In a perfect world, all camera lenses are perfect. They would allow for 100% of all light passing through it to reach the sensor, without any imperfections or loss in resolution. Sadly, this is not the case, as all-glass elements present limitations.
This leads us to ‘What is an MTF chart?’. Read on to find out what MTF charts are, and how you can read them to understand the optimal performance of your glass.
Common MTF Lens Chart Questions
What Does MTF Mean in Photography?
You might be asking ‘what does MTF stand for?’. MTF stands for Modulation Transfer Function. At its most basic, an MTF lens chart shows you the measurements of the optical performance of any given lens.
An MTF chart is a very handy way of seeing where your lens performs well or doesn’t perform well. What we are looking for is optimal focuses, contrast, or the resolution of the lens we are using or wanting to use.
The information comes in the form of a chart where each lens compares to what we would call a ‘perfect’ lens. A perfect lens is one that allows 100% of entering light to pass through it to the sensor. Here, contrast is essential, as it relates to the resolution of the lens.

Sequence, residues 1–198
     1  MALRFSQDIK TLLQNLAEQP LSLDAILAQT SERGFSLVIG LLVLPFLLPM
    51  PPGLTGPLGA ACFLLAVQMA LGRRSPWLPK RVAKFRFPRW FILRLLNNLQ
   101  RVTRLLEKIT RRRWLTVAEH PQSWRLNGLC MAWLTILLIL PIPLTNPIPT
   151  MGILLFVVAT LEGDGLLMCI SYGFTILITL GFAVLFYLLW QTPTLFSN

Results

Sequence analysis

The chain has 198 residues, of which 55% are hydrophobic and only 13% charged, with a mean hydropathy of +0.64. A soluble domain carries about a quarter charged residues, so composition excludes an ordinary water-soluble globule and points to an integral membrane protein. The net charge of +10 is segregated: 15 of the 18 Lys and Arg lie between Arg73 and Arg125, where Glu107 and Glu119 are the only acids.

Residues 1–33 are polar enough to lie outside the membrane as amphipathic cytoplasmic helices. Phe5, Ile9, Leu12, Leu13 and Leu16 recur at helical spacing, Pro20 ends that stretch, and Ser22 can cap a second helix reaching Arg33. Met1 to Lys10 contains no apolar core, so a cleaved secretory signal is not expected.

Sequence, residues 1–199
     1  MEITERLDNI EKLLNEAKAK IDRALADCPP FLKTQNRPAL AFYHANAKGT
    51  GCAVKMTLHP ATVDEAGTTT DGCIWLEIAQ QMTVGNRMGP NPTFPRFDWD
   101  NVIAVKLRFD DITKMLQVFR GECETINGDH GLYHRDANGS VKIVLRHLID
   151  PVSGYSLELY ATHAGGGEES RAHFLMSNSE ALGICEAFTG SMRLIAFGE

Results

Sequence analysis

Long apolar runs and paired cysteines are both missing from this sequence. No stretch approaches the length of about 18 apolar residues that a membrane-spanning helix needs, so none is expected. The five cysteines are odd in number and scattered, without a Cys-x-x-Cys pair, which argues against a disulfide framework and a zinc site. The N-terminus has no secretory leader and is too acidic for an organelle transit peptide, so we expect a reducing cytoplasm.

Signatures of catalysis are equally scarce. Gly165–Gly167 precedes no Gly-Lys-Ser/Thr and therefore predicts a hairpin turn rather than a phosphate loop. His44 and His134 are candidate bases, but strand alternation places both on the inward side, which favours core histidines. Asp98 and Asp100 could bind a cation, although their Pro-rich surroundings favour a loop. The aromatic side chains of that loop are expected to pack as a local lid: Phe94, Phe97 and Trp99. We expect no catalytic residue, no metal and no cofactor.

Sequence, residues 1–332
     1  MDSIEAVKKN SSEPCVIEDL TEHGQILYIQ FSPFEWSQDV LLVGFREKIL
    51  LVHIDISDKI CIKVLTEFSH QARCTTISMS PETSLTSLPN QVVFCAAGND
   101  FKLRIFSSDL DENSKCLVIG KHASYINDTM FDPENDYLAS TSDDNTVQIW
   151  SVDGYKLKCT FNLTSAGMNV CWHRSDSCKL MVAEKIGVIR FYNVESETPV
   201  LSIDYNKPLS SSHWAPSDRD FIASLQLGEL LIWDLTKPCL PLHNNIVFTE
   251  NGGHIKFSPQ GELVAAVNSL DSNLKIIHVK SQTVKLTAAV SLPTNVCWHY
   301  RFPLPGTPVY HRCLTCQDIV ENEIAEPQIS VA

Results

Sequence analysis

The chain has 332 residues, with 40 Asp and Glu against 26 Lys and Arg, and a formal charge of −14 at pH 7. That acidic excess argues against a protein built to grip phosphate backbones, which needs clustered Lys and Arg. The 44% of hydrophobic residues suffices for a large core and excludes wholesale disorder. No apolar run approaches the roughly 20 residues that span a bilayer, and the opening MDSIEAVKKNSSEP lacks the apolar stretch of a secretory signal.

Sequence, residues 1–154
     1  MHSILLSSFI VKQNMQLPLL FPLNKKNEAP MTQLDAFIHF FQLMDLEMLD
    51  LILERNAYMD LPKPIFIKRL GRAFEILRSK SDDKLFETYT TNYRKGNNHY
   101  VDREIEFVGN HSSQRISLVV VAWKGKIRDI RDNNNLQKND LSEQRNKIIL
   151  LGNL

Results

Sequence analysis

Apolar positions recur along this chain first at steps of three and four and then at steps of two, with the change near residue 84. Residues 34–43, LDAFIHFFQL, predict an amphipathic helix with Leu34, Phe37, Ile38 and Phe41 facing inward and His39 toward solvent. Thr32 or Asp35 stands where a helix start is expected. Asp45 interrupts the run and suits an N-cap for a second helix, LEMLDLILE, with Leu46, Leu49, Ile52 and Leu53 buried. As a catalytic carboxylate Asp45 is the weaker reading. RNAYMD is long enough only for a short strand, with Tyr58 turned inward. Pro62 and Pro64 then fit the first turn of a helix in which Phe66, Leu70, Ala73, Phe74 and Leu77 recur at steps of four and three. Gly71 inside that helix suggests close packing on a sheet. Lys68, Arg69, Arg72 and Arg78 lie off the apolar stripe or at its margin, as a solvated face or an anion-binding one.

Most photographers believe that everything comes down to sharpness. It is the most crucial thing they look for in a lens. However, there is more to lens quality than just sharpness.
Contrast and resolution are also important, yet not the same as a lens’ sharpness.
What Is Lens Contrast?
Contrast is a lens’ ability to distinguish between light and dark areas of a scene or subject. A perfect lens would be able to show a dark subject in front of a white background without any fuzziness.
What Is Lens Resolution?
The resolution of a lens is the measurement of a lens’ ability to reproduce and render the fine details perfectly. A high-resolution lens with low levels of contrast can produce low-quality images.
This is due to the difference between light and dark areas not rendering correctly.
A good quality lens has a balance of both contrast and resolution.